Mertensophryne loveridgei
family: Bufonidae
Conservation Status (definitions)
IUCN (Red List) Status Least Concern (LC)
Other International Status None
National Status None
Regional Status None

Country distribution from AmphibiaWeb's database: Mozambique, Tanzania, United Republic of


View distribution map using BerkeleyMapper.


From the Encyclopedia of Life account:


This species is named for Arthur Loveridge (1891-1980), a British biologist and herpetologist that served as curator of amphibians and reptiles at the Museum of Comparative Zoology (Harvard University).

Author: Zimkus, Breda


The following is from the description of the type material by Poynton (1991):

Two phalanges of third toe free of main webbing, although edge of web very serrated, making determination imprecise. Outer metatarsal tubercle rounded, 0.75 or less length of inner. Adult dorsal skin (known only from females) densely covered with light-tipped spines which surmount small, warty bases; larger warts over lateral and urostylar areas and on dorsal surfaces of legs have rosettes of spines, otherwise the spines are single. Dense covering of minute conical asperities conspicuous on the lip of the vent, even in immature specimens of both sexes.

Markings (in alcohol): top of head, parotid glands and central region of back a light brown; darker brown laterally. A dark middorsal V-shaped marking in the scapular region, apex pointing anteriorly, arms usually continuing posteriorly to mark the inner margins of the parotid glands. Also a thin, often broken, dark interocular bar, and a pair of darker sacral spots. A fine light line overlying the urostyle. Dorsal markings are faintly shown in the holotype; the paratypes show the sacral, scapular, and interocular markings more clearly. Ventral surface immaculate or with a single, elongated dark fleck in the anterior pectoral region. There are no regular ventral markings, nor the freckling typical of S. anotis.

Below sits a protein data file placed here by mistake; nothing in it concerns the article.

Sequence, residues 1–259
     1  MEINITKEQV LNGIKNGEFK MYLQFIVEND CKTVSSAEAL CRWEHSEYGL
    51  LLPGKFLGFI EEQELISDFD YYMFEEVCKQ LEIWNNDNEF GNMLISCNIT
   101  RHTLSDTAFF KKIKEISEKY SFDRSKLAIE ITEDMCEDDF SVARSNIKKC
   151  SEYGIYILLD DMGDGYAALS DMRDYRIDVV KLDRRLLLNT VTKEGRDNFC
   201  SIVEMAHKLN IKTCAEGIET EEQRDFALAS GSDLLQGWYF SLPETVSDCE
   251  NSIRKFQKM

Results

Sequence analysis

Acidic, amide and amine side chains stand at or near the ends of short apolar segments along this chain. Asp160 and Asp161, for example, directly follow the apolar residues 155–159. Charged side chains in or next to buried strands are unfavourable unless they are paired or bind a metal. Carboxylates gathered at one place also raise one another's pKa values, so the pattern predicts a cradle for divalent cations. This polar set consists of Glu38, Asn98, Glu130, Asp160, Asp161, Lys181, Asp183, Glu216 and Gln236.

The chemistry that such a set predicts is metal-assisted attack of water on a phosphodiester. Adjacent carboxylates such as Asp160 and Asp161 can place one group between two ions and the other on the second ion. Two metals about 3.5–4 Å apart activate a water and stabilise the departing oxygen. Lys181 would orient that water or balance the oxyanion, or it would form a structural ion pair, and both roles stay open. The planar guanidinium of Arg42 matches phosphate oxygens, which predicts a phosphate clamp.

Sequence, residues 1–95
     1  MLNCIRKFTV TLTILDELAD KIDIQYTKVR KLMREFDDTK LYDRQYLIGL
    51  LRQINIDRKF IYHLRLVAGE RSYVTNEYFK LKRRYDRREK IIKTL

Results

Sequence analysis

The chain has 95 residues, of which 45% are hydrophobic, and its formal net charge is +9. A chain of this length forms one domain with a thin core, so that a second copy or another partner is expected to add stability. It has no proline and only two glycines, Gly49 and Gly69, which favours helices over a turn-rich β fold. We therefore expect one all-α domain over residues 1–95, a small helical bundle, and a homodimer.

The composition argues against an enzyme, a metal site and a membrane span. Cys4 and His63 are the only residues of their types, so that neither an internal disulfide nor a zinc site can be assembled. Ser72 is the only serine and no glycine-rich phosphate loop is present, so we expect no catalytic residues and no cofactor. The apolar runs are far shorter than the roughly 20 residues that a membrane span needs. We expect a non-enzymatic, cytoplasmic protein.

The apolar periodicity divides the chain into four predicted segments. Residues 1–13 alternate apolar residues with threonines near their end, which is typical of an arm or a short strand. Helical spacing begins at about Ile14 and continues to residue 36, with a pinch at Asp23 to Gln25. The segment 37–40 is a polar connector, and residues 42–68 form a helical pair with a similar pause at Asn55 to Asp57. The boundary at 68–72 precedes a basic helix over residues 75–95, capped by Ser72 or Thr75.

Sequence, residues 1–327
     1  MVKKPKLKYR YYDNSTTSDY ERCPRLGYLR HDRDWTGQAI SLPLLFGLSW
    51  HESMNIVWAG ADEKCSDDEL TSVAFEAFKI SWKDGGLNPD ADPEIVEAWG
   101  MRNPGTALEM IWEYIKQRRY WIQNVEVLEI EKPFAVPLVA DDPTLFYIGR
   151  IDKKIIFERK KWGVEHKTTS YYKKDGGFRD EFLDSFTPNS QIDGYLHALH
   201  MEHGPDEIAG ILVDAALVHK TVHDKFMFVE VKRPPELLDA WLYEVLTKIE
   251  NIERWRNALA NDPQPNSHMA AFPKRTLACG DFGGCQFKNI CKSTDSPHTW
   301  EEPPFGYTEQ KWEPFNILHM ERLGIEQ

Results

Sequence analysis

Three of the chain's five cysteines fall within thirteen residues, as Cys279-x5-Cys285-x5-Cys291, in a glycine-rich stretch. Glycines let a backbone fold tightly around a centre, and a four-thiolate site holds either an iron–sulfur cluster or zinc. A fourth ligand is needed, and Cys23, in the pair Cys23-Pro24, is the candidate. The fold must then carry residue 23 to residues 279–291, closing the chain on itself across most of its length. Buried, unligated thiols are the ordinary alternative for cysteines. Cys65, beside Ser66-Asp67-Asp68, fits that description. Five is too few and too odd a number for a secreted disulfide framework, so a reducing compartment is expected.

Author: Zimkus, Breda


Dimensions of holotype from Poynton (1991): body length from tip of snout to tip of urostyle 37.8 mm, body length from snout to vent 41.8 mm (specimen well hydrated), width of head 14.3 mm, length of tibia (folded) 14.9 mm, length of foot (including metatarsal tubercle) 13.9 mm. BM paratype 1969.1494 has a snout- urostyle length of 38.4 mm, head width of 13.6 mm; the remaining BM paratypes have a snout-urostyle length ranging from 26.9 mm to 31.2 mm. The MCZ paratype from Kilwa has a snout-urostyle length of 32.2 mm, head width of 12.6 mm.

Snout- urostyle lengths of additional material examined as part of the original description by Poynton (1991): Liwale 24.1- 29.5 mm, Hondo Plateau 30.4 mm, Kiwengoma Forest Heserve 34.3-35.0 mm. Males measure up to 35 mm and females 38 mm in snout-vent length (Harper et al., 2010).

Author: Zimkus, Breda

Diagnostic Description

The following is from the original description by Poynton (1991):

Diagnosis. Closely resembling Stephopaedes anotis (Boulenger, 1907), but differing therefrom in the reduced webbing (two phalanges of third toe free in loveridgei, one free in anotis ); relatively smaller outer metatarsal tubercle (0.75 or less length of inner metatarsal tubercle in loveridgei, more than 0.75 length in anotis). Adult dorsal skin (at least of females) more spinose than in anotis, e.g., > 45 spines on upper eyelid of loveridgei < 35 in anotis ), clear rosettes of spines on upper
surfaces of hind limbs of loveridgei, although weakly developed in the Kiwengoma Forest Reserve specimens (not developed in anotis). Covering of minute spines on lip of vent more strongly developed than in anotis. Dorsal markings usually strongly defined in loveridgei (weakly or not shown in anolis), while ventral markings are very reduced or absent (ventral freckling nearly always well developed over pectoral region in anotis).

The dorsum is dark brown with a darker brown chevron and is covered in small spines. There is often a thin light middorsal stripe. The tympanum is not visible. The ventral surface is light, sometimes with a dark blotch on the chest. Toes are partially webbed (Text from Harper et al., 2010).

Author: Zimkus, Breda


It is similar to other species in the genus. Like M. uzunguensis, there is a dark spot on the chest, but M. loveridgei does not occur in the high elevation grasslands where M. uzunguensis is found. M. loveridgei can be distinguished from other species in the genus by its wide parotid gland that extends from behind the eye down to the corner of the mouth (Text from Harper et al., 2010).

Author: Zimkus, Breda

Habitat and Ecology

It is found in coastal forests and woodlands at elevations up to 1000 m (Harper et al., 2010).

Author: Zimkus, Breda